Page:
However, providing free medications in our pilot proved a pull factor attracting patients from neighbouring districts and provinces. The worsening economic situation in late 2018 further exacerbated this problem as patients who were previously able to afford to buy their own medications were no longer able to do so and turned to MSF-supported clinics for subsidised drugs. This meant that the MoH was not able to increase its responsibility for medication supply, maintaining dependence on MSF.

Equipment and quality assured laboratory support

Our programme took advantage of existing MOH staff, infrastructure and equipment. Existing conventional laboratory-based biochemistry machines were used to measure creatinine, blood glucose and HbA1C at hospital level. Despite reinforcement, the existing sample transport system proved to be inefficient as sample transport time was as long as 2 to 3 days from the farthest clinics to the hospital laboratory, interfering with the quality of the samples. The laboratories became overloaded and the result turnaround time was long. We then opted for handheld glucometers for diagnosis of DM, and in 2018 introduced point of care (POC) machines for HbA1C (Fine Care®) and creatinine (Novastart®) measurement. All HbA1C testing platforms were enrolled in a monthly External Quality Assurance (EQA) scheme. Table 4 below chronicles the simplification process of the SOPs for diagnosis of DM.

Table 4 Simplification process of SOPs for the diagnosis of DM

We found that the use of conventional laboratory machines for HbA1c needed motivated human resources to follow the quality control procedures required. Performance improved after the introduction of POC devices. DM monitoring with HbA1c is a fairly new concept in SSA where there may be additional sources of error due to haemoglobinopathies or malaria [9], or high HIV prevalence [23, 24]. However, HbA1c measurement was a game-changer against the inconvenience of repeated blood sugar measurements and the poor correlation of these with good glycaemic control.

Patient empowerment

This concept involved enabling patients to acquire the knowledge and skills to understand and take responsibility for their own health. Individual and group counselling sessions for DM and HTN emphasised knowledge about glycaemic and blood pressure (BP) control. An active decision not to prioritise defaulter tracing was taken as resources were scarce and we considered there was no public health danger, contrary to contagious diseases such as HIV or TB. In the long run, we aim to differentiate services according to the needs of specific patient subgroups i.e. differentiated service delivery (DSDs) models. At the time of writing this report, DSDs are emerging at community and health facility level.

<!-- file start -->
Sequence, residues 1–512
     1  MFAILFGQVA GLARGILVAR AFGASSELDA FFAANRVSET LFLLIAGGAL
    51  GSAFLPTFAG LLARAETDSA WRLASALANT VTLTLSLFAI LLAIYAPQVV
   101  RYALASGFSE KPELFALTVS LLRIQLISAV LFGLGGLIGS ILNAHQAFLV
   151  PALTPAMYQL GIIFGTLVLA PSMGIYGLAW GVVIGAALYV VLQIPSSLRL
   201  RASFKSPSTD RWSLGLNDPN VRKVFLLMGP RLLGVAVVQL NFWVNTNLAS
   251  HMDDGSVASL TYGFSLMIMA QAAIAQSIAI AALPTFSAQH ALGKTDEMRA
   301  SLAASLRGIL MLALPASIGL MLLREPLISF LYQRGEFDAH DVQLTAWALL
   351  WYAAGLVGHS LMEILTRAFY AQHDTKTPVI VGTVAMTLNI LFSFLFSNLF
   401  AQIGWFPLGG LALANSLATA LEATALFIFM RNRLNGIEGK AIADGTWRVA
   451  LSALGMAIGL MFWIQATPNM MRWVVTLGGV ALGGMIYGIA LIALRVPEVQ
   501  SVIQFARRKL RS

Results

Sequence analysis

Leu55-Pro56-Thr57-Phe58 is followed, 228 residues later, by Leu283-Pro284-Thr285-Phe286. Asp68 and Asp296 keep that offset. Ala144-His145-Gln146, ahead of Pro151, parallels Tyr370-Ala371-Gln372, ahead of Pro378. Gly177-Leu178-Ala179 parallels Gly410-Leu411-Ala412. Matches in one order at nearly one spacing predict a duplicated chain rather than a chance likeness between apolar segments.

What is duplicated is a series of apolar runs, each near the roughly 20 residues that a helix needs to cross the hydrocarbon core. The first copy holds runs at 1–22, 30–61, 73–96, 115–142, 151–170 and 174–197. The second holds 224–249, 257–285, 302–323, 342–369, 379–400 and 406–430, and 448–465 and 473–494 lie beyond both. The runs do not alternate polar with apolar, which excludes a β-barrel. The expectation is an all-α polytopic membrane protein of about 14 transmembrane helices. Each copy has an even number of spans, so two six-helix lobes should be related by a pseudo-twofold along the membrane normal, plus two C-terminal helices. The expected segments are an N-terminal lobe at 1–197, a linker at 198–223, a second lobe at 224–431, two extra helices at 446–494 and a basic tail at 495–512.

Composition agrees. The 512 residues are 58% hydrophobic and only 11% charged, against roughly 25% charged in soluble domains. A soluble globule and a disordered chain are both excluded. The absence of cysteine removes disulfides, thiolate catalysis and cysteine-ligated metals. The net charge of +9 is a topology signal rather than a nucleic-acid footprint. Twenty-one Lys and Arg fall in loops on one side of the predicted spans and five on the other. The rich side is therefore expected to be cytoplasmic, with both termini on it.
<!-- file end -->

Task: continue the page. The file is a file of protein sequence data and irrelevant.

Dedicated monitoring and evaluation (M&E)

Before the programme started, there were no individual patient files for NCD patients.

Health facilities used improvised registers, which did not allow recording of information on follow up and treatment outcomes. There was likely substantial under-diagnosing and underreporting of NCDs.

We designed medical records inspired by the ART patient files and provided them at all sites. The files accommodated both identification numbers for HIV and DM/HTN to enable health workers to identify patients with co-existing conditions and to synchronize appointments. A set of indicators for monitoring and evaluation, following the standard cohort approach used in HIV/TB control programmes, were defined to measure service provision, case-enrolment, follow up, treatment results and retention in care (see Additional file 2). Data from patient clinical records were entered onsite or offsite into an electronic database by trained data encoders and were analysed during quarterly review meetings with mentees and managers for use in programmatic decision making. Further support for data evaluation was provided intermittently by MSF technical referents.

With specific and detailed patient records in place, nurses were able to provide improved longitudinal follow up for patients as well as quantifying DM and HTN service demand and medication needs for the programme. In some sites incomplete data was a challenge, and this increased as the cohort sizes grew. A simplified chronic patient card with only key parameters for clinical decision-making was therefore implemented in late 2018. We observed that minimizing the number of variables and storing the patient records close to the consultation area increased completeness of data.

Referral system

The focus of this programme was on empowering nurses to manage DM and HTN, thereby minimising referrals to secondary care. Where the management of complex cases exceeded the limits of the care provider, context-adapted criteria were developed to identify these patients in a timely way for consultation by a medical doctor on or off site.

Discussion